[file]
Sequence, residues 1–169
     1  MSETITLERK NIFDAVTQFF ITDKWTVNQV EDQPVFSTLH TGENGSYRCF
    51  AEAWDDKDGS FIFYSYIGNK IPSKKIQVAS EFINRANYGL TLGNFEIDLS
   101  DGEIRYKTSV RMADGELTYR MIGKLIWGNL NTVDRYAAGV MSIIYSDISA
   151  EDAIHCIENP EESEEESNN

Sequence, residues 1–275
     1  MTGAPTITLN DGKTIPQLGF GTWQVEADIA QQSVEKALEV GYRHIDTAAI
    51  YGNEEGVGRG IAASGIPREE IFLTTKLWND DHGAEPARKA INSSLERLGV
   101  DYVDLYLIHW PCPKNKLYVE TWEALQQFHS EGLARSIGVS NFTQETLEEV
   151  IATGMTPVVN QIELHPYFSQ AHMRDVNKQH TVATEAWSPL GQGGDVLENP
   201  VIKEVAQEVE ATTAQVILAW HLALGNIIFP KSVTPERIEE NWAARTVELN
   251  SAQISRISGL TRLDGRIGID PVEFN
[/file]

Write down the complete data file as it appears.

Sequence, residues 1–169
     1  MSETITLERK NIFDAVTQFF ITDKWTVNQV EDQPVFSTLH TGENGSYRCF
    51  AEAWDDKDGS FIFYSYIGNK IPSKKIQVAS EFINRANYGL TLGNFEIDLS
   101  DGEIRYKTSV RMADGELTYR MIGKLIWGNL NTVDRYAAGV MSIIYSDISA
   151  EDAIHCIENP EESEEESNN

Sequence, residues 1–275
     1  MTGAPTITLN DGKTIPQLGF GTWQVEADIA QQSVEKALEV GYRHIDTAAI
    51  YGNEEGVGRG IAASGIPREE IFLTTKLWND DHGAEPARKA INSSLERLGV
   101  DYVDLYLIHW PCPKNKLYVE TWEALQQFHS EGLARSIGVS NFTQETLEEV
   151  IATGMTPVVN QIELHPYFSQ AHMRDVNKQH TVATEAWSPL GQGGDVLENP
   201  VIKEVAQEVE ATTAQVILAW HLALGNIIFP KSVTPERIEE NWAARTVELN
   251  SAQISRISGL TRLDGRIGID PVEFN